CORONAVIRUS – COVID 19[1]

Coronavirus disease (COVID-19) is an infectious disease caused by a newly discovered coronavirus. Most people infected with the COVID-19 virus will experience mild to moderate respiratory illness and recover without requiring special treatment. Older people, and those with underlying medical problems like cardiovascular disease, diabetes, chronic respiratory disease, and cancer are more likely to develop serious illness. The best way to prevent and slow down transmission is be well informed about the COVID-19 virus, the disease it causes and how it spreads. Protect yourself and others from infection by washing your hands or using an alcohol-based rub frequently and not touching your face.

The COVID-19 virus spreads primarily through droplets of saliva or discharge from the nose when an infected person coughs or sneezes, so it’s important that you also practice respiratory etiquette (for example, by coughing into a flexed elbow).

Watch for symptoms[2]

Reported illnesses have ranged from mild symptoms to severe illness and death for confirmed coronavirus disease 2019 (COVID-19) cases. These symptoms may appear 2-14 days after exposure (based on the incubation period of MERS-CoV viruses).

  • Fever

  • Cough

  • Shortness of breath

What you can do[3]

If you have a serious underlying medical condition:

· Stay home if possible.

· Wash your hands often.

· Avoid close contact (6 feet, which is about two arm lengths) with people who are sick.

· Clean and disinfect frequently touched services.

· Avoid all cruise travel and non-essential air travel.

· Call your healthcare professional if you have concerns about COVID-19 and your underlying condition or if you are sick.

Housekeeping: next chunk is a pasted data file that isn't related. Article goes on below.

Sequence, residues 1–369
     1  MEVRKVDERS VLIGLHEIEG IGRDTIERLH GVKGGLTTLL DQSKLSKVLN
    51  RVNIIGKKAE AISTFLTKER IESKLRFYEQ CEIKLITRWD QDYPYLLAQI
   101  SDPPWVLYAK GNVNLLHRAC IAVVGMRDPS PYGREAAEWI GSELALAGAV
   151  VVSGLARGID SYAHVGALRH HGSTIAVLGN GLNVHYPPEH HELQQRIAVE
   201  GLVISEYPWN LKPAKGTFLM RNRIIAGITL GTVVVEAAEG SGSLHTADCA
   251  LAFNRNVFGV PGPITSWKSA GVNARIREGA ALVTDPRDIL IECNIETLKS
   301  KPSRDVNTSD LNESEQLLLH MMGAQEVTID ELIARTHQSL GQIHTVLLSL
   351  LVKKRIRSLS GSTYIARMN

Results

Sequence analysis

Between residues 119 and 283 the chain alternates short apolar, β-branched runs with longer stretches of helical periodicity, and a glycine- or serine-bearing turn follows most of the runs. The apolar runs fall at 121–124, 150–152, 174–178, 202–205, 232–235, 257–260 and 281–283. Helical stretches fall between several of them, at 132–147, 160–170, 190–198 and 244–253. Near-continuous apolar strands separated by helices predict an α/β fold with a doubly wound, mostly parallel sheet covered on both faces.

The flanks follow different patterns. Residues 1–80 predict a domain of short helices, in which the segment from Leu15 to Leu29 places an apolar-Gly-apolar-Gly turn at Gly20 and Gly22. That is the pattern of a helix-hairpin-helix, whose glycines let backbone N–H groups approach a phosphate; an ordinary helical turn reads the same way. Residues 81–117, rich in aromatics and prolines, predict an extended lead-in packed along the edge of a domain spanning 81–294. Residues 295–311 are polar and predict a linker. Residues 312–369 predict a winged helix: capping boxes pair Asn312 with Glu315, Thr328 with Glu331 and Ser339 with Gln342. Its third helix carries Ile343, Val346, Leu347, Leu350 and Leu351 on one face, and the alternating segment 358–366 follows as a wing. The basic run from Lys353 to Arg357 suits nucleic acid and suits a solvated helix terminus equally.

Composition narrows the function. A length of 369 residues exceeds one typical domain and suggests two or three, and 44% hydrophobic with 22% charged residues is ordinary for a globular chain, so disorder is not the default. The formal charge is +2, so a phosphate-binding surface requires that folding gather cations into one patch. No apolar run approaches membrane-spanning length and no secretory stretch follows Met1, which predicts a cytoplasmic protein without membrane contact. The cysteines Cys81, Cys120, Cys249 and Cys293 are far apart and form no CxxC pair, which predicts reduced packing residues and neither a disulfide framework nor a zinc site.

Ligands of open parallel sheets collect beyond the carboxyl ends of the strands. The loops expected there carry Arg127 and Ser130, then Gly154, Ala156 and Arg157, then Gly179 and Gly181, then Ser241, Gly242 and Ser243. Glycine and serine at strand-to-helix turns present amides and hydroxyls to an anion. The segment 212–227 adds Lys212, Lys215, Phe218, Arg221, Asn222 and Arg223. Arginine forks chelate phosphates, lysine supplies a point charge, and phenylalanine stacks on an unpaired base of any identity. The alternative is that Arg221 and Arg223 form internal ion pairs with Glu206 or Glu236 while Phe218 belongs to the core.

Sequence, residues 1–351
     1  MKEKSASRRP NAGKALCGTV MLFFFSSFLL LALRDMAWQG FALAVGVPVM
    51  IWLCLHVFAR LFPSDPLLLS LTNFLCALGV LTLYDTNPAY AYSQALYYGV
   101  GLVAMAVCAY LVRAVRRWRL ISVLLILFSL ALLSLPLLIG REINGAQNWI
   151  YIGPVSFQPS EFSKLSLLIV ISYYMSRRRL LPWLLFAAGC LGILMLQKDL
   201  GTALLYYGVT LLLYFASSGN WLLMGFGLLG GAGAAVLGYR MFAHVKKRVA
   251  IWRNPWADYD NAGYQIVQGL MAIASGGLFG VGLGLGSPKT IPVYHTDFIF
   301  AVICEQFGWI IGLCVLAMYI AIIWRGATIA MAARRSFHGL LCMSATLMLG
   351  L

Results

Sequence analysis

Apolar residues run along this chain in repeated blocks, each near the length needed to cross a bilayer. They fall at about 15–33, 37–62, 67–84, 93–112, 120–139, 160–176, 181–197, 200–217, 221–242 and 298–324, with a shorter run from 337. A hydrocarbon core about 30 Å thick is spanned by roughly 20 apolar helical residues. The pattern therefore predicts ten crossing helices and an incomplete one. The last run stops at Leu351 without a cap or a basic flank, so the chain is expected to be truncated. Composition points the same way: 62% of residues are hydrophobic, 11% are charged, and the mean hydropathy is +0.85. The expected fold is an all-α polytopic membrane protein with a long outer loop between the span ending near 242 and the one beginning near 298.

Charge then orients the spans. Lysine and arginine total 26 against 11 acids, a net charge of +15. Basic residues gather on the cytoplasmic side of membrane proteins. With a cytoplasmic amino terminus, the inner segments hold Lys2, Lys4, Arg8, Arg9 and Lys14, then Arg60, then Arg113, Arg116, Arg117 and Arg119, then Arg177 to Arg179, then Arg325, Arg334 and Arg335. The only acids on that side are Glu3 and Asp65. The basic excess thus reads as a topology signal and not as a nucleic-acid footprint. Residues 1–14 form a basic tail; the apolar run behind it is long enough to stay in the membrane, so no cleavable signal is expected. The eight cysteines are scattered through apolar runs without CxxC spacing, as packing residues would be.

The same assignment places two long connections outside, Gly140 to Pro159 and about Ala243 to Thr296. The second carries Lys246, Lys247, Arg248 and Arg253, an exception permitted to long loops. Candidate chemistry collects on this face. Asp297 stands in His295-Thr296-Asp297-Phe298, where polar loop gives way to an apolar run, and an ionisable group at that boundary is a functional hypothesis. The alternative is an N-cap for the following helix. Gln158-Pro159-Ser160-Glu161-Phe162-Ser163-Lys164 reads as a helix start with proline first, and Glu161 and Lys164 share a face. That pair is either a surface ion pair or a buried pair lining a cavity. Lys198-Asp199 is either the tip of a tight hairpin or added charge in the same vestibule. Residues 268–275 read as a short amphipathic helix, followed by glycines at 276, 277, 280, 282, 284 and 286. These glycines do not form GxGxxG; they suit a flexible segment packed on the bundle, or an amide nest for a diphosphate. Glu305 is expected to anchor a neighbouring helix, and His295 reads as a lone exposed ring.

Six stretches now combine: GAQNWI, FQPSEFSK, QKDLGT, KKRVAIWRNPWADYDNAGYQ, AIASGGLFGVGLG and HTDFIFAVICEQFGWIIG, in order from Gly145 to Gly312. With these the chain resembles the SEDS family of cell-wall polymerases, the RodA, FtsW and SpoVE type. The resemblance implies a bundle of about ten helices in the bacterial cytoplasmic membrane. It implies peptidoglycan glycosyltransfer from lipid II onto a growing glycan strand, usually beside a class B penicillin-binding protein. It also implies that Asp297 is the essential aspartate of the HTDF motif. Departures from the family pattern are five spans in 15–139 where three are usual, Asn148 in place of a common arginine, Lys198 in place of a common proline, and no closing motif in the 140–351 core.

· For more information on steps you can take to protect yourself, see CDC’s How to Protect Yourself

Stress and coping

Older people are at higher risk for severe illness from COVID-19 which may result in increased stress during a crisis. Fear and anxiety about the COVID-19 pandemic can be overwhelming and cause strong emotions.

Things you can do to support yourself

· Take breaks from watching, reading, or listening to news stories and social media.

· Take care of your body. Take deep breaths, stretch, or meditate. Try to eat healthy, well-balanced meals, exercise regularly, get plenty of sleep, and avoid alcohol and drugs.

· Make time to unwind. Try to do some other activities you enjoy.

· Connect with others. Talk with people you trust about your concerns and how you are feeling.

· Call your healthcare provider if stress gets in the way of your daily activities for several days in a row.

· If you, or someone you care about, are feeling overwhelmed with emotions like sadness, depression, or anxiety, or feel like you want to harm yourself or others call 911, Substance Abuse and Mental Health Services Administration’s (SAMHSA’s) Disaster Distress Helpline: 1-800-985-5990 or text TalkWithUs to 66746. (TTY 1-800-846-8517)

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[1] https://www.who.int/health-topics/coronavirus#tab=tab_1

[2] https://www.cdc.gov/coronavirus/2019-ncov/symptoms-testing/symptoms.html

[3] https://www.cdc.gov/coronavirus/2019-ncov/specific-groups/high-risk-complications/older-adults.html